There are times when I am choking back tears or even far past that, into snot running territory and I find myself reaching for a tissue for the listeners clear, dry face. I apologize profusely for my feelings, worried about the effect my sadness will have on them. Other times I don’t portray my feelings honestly enough, hoping to spare the concerned party the discomfort of hearing sad news.

Photo by Peter Bucks on Unsplash

In a conversation I had the other day, it came up that my mom had passed away. When the topic of my biological father followed, in the same breath of mentioning his passing too, I laughed, changing the subject. As it turned out, the friend I was having the conversation with had also lost a parent and my attempt at finding humor in the dark situation suddenly seemed very ugly. I was embarrassed to have stolen from both of us the opportunity to share in a similar grief. I was ashamed at trying to casually breeze by a very real, very sad part of my life for the sake of someone’s assumed reaction.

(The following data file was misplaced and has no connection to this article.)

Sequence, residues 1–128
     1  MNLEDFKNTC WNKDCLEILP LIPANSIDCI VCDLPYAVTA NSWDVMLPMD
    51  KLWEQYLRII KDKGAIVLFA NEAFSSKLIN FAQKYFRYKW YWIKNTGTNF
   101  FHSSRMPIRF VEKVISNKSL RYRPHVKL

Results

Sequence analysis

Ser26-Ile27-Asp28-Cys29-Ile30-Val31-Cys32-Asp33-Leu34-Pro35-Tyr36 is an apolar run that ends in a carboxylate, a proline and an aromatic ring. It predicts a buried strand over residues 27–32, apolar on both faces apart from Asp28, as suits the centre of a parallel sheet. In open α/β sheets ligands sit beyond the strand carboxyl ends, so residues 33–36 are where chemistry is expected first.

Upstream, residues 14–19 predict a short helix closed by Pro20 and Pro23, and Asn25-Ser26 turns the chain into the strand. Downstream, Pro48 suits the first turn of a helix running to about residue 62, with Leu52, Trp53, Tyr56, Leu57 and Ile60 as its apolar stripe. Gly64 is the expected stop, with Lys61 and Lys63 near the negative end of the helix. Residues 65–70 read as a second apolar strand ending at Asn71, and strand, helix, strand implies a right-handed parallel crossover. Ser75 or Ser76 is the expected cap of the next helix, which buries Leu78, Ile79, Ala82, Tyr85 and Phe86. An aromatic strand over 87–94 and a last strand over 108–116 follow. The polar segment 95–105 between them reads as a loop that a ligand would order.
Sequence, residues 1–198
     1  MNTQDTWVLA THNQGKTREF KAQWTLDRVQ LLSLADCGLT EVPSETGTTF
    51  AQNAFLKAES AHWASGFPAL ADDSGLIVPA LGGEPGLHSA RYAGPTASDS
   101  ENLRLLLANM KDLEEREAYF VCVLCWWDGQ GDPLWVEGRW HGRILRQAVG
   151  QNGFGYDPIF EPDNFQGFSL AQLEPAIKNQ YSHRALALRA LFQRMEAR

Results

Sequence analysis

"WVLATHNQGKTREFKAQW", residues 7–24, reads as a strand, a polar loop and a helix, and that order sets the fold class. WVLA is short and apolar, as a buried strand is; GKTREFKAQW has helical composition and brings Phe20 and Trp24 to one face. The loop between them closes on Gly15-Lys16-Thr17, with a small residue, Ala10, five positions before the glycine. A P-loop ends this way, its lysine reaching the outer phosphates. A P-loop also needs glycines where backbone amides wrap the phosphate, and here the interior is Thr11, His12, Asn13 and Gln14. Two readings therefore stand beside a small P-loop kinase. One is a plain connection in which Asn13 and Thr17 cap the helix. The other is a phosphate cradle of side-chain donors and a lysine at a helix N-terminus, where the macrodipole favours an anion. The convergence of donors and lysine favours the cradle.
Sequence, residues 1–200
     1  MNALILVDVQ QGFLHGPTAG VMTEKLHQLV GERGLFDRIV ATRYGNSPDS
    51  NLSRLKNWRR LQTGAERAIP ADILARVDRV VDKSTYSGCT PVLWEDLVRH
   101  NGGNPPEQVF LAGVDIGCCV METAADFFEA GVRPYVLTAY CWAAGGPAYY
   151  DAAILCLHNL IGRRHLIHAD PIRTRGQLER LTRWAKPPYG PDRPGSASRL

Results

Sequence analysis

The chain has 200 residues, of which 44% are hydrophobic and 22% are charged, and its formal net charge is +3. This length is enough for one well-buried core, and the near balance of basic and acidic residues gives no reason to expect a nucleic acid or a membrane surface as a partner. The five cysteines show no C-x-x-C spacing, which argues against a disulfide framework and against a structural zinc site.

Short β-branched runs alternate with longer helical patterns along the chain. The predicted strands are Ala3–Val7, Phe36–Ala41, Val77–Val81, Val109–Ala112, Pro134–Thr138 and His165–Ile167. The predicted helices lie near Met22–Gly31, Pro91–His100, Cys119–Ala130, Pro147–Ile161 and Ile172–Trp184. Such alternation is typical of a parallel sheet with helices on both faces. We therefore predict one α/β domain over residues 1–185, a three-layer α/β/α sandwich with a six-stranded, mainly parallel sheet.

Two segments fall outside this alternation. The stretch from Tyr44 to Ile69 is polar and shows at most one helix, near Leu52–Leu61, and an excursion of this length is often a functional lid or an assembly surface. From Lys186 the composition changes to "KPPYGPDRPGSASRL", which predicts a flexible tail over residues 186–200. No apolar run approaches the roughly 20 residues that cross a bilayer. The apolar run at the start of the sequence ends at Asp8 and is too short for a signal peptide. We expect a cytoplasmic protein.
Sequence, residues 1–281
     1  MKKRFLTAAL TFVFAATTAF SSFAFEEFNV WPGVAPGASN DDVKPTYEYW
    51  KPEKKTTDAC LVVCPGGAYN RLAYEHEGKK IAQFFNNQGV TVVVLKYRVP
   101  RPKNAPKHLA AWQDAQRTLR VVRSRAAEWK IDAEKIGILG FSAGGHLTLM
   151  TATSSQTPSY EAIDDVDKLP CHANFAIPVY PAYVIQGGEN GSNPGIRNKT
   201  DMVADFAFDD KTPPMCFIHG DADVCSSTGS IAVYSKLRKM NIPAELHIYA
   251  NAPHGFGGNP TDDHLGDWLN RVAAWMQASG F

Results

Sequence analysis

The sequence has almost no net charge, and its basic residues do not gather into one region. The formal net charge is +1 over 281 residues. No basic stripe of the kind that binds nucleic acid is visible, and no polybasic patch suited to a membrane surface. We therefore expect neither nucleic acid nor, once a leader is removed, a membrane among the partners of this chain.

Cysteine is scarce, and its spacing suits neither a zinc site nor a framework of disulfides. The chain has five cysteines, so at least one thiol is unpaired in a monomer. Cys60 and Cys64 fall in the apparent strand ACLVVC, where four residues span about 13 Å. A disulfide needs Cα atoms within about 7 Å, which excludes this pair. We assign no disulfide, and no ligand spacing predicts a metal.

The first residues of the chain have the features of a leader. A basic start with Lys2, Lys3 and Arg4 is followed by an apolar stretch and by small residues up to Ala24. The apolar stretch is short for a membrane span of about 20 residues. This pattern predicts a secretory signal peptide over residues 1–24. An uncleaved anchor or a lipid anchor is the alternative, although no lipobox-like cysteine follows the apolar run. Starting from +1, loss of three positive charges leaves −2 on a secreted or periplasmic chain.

One of the most common experiences I have in sharing these truths is comforting the other person at the telling of my own sadness. I welcome this, the task of consoling them giving me something to do. Assuring them of my current, happy state is better than admitting the truth. In fact, it’s much harder to have them comfort me. So I apologize for my sadness, picking it up quickly like a shoe left out as I walk into the house, showing them around, and tuck it discreetly into a closet.

When asked what is wrong, I often answer with an easy wave of my hand, “Ah, hormones I suppose,” or a bright “Just feeling sick is all!” The reality is more of a struggle, not for the right words to express myself, but to do so aloud to someone else. Even now, I am fumbling for the right words to apologize for this forlorn piece of writing.

Photo by Michael LaRosa on Unsplash

Instead of reciting the title of this piece, I’ll just take the part that’s hard to say. As practice maybe for a time in the future when I am brave enough to leave the shoe out, to bite my tongue at the inevitable sorry’s, and simply say-

“I feel really sad right now.”

25 year old woman living in a Ford Transit Connect van. Telling honest stories of real love, loss and every experience in between.

25 year old woman living in a Ford Transit Connect van. Telling honest stories of real love, loss and every experience in between.